20 Jun Why Are You Angry?
We have over vilified anger in our society. Religions see it as a major problem. Psychology treats it like a toddler to be managed. People are fearful of it. But anger need not be any of these things. Anger can be a change producing and helpful gift from our deeper selves.
In my experience of working with people I have come to see anger as being an arrow that points inward. When we listen to this communication from our selves, we learn from it and anger subsides, but when we don’t listen and just react, that is when anger creates problems in our behavior and thinking.
Anger is an arrow pointing to two main internal experiences. These are often tied together but for the sake of this essay I want to simplify it a bit by separating them.
Those internal experiences are:
1. A voice
2. An emotion or some sort of feeling state.
What do I mean by a voice? Well, often when people get to the point that they are very angry it usually means that a boundary was crossed or a desire to speak was stifled. We eventually stifle our own voices and this is why we stay angry. We point and blame others but really we are the one’s to blame. This is why anger is a gift and is for us. It is an arrow pointing to our inner world not to changing something in our outer world.
I will often work with people that do not even realize how they are not speaking up. They are not assertively addressing those who have hurt them. They are not letting someone know in the moment that they just stepped on their toe. They are not communicating their deeper needs in their intimate relationship. They are not communicating to their boss or coworker about what they are really feeling or thinking. When we continue to silence our voice, it gets restless. It begins to feel trapped and we then experience anger. Anger is good, it is telling us that this is possibly happening. We must listen to our angry reactions and they will tell us we are not speaking.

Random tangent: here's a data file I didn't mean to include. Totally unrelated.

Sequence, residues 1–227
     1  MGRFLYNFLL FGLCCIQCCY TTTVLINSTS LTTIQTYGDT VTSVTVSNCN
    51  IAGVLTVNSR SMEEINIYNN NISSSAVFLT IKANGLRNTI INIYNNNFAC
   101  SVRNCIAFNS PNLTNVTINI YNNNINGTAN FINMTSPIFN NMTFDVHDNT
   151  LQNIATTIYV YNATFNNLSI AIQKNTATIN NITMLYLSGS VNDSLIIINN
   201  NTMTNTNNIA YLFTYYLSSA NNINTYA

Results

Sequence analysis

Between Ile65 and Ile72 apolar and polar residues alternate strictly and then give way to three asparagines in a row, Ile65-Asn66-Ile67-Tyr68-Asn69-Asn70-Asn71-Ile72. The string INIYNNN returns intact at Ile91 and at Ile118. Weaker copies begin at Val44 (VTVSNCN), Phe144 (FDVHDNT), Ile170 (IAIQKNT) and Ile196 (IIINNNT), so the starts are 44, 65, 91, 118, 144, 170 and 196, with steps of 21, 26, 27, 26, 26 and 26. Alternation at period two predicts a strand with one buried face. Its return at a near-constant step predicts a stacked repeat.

The other reason for anger, which is tied to having a voice, is that anger is pointing toward a feeling we need to feel. We again, often ignore our own feelings and those feelings do not want to be ignored. The more we ignore them the more restless they get. We may have been hurt, bored, frustrated, happy even, but reliquished those feelings to the side. Anger is often an arrow pointing toward those feelings so they may be experienced and sometimes even expressed. This is where the emotion or feeling can be tied to having a voice. First we must understand the feeling we are having and then we need to express it.
A lot of the time we don’t even need to express it. We just need to feel it, experience it. Often times if we listen to anger and allow the experience of an emotion to be felt, we are better able to then assertively communicate, having a voice that is heard instead of dismissed due to an outburst of sorts. One might just need to spend some time alone and really validate their own feelings regarding a situation, a person, a dream, what have you. This time with self is validating one’s own experience and says it is valuable.
Saying our experience is valuable is saying we matter and allows us to fully BE in this world. Likewise, having and expressing our voice also says we matter and allows us to fully BE. When we are hiding our voice and/or our emotions we are not fully existing as our selves. This creates a sense of agitation that can often lead to anger depending on the size of the gap between feeling/voice and immediate experiencing.
The experience of emotion and the expression of our voice are liberating ways of being in the world.
So the next time you are angry, take some time to self reflect and listen to your anger. I believe it is pointing to something inside you that needs attention. What needs to be said? What needs to be felt?